Toumani Diabaté, Somerville Theater, March 29, 2007
Toumani Diabaté is not just on tour, he’s on a mission. As he explained from the stage of the Somerville Theatre a week ago Thursday, his Symmetric Orchestra represents a “reunification of the old Mande empire, in cultural terms.” Drawing on musicians from across West Africa’s post-colonial national divides — Mali (Toumani’s home), Guinea, Gambia, Senegal, Ivory Coast, Burkina Faso, Guinea Bissau — this is “a federative orchestra,” as Toumani has elsewhere described it. Unification is at the root of the musical æsthetic as well, since the group bring traditional Mande instruments — balafon, ngoni, djembe — into dialogue with their modern equivalents: keyboard, electric guitar, trap drums.
At the center of this symmetrical arrangement, however, is Toumani’s own kora, the 21-string harp-like instrument of which he is a master and for which there is no equivalent in contemporary popular ensembles. In his dazzling solo feature, he sounded like an entire orchestra himself. The kora has by tradition been a solo instrument, used for centuries as vocal accompaniment by the jeli, or griot; its placement at the center of a modern ensemble is another twist on tradition. But the way the sound of Toumani’s kora dissolved into that of his ensemble is just another of his aims. The very name Symmetric Orchestra, he says, was chosen “to show that the balance between all the elements is even, complementary, each instrument contributing to the whole, equally, to create a groove, a flow.”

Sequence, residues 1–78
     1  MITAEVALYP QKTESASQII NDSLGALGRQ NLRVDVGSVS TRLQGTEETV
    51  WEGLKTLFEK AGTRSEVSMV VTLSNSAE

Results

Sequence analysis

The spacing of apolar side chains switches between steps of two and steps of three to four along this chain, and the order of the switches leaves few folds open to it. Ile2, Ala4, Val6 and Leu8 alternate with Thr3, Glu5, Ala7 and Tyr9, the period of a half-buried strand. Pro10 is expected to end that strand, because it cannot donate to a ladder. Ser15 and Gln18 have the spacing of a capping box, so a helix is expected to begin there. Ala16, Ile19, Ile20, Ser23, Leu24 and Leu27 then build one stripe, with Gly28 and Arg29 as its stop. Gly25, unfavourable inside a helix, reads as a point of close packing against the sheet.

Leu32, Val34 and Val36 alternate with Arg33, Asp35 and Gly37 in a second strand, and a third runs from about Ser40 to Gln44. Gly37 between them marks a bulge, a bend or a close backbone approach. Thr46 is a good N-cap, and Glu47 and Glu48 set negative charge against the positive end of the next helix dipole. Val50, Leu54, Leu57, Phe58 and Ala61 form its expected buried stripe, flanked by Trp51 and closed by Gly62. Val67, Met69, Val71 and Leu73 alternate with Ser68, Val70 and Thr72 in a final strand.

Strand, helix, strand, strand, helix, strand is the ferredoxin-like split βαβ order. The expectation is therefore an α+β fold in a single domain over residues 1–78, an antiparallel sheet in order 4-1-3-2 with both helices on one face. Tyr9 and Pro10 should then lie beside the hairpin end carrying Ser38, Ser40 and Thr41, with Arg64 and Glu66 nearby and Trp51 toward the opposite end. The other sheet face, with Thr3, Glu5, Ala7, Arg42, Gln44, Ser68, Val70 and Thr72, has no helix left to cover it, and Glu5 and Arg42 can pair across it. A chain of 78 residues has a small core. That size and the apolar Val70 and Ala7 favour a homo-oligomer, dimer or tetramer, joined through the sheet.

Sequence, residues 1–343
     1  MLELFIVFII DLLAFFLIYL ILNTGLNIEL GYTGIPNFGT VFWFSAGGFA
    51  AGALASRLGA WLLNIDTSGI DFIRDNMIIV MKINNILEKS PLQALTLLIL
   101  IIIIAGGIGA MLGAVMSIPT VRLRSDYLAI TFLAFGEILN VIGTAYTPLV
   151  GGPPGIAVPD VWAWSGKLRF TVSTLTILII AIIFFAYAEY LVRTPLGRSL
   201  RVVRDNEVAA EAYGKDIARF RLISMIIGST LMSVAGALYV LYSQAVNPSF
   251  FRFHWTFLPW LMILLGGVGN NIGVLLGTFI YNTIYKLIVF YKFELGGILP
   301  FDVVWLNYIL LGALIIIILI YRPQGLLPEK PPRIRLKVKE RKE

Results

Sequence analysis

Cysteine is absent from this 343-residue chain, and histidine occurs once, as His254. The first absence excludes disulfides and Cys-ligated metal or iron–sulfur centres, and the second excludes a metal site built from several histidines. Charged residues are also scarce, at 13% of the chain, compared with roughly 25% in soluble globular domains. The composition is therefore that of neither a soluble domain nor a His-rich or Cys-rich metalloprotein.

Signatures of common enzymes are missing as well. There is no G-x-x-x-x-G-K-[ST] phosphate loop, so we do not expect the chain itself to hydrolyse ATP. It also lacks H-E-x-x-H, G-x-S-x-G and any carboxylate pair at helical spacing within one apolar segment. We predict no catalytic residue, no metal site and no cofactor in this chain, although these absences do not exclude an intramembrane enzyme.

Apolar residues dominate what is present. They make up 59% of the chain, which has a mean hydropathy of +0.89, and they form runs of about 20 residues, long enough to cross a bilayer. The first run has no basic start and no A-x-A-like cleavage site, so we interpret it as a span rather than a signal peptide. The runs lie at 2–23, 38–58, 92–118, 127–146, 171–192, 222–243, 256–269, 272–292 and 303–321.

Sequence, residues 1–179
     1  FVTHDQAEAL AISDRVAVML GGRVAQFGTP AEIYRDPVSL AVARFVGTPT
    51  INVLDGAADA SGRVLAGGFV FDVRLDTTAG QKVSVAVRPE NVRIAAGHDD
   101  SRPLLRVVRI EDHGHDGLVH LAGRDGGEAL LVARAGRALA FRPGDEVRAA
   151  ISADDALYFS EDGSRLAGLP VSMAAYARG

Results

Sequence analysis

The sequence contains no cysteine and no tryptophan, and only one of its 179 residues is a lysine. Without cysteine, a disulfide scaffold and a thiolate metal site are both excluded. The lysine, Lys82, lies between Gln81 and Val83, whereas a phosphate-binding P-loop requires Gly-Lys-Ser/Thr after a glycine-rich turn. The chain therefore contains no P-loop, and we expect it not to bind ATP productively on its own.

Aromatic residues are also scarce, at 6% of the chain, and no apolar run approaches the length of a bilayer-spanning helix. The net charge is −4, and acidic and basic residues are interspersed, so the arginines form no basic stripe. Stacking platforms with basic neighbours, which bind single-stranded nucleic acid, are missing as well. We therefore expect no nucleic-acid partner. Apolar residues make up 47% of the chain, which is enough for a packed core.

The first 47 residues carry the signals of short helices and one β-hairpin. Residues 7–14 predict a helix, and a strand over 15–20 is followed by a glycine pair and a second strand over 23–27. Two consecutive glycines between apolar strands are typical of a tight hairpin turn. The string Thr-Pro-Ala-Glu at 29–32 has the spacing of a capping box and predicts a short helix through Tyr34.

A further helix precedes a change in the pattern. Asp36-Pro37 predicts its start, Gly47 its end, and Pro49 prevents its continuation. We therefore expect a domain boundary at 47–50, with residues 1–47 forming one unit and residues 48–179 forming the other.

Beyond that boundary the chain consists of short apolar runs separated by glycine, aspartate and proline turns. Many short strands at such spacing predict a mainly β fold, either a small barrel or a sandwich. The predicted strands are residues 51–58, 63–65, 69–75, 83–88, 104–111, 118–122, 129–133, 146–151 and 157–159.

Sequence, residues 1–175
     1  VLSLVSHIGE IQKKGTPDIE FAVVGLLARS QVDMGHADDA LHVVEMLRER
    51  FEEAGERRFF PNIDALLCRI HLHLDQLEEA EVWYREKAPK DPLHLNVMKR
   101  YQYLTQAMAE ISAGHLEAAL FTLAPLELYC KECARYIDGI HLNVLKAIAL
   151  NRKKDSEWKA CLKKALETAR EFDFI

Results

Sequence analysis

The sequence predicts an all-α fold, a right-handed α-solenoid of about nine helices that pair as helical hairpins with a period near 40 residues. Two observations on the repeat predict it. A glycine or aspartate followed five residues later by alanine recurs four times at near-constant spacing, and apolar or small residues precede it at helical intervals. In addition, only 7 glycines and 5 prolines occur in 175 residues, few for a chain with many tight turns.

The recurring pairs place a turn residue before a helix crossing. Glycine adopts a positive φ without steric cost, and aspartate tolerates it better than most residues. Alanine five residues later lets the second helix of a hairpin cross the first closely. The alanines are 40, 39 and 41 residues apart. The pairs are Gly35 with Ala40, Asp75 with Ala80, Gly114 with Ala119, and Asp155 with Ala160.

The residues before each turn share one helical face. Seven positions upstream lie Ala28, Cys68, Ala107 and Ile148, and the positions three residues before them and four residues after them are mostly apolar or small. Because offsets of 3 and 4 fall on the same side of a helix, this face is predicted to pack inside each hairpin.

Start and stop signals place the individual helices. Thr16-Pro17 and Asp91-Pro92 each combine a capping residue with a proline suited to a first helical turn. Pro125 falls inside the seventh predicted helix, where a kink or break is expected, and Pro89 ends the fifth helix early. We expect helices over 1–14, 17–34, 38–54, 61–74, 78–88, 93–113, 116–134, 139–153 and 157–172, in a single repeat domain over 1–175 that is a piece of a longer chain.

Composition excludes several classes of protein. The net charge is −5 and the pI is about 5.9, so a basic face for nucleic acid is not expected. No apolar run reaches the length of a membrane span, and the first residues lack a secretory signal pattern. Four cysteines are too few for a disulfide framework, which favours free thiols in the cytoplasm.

That groove was abundant. The Symmetric Orchestra is made up of exceptional soloists — Fodé Lassana Diabaté’s virtuosic, jazz-inflected balafon was only one among many displays of grace, taste, and skill. But it’s the ensemble that’s the point. And when near the end of the show Toumani called up a local Boston guitarist, Chris Chitouras, to join the band, the gesture was extended to the community as well.
: Live Reviews
, Toumani Diabate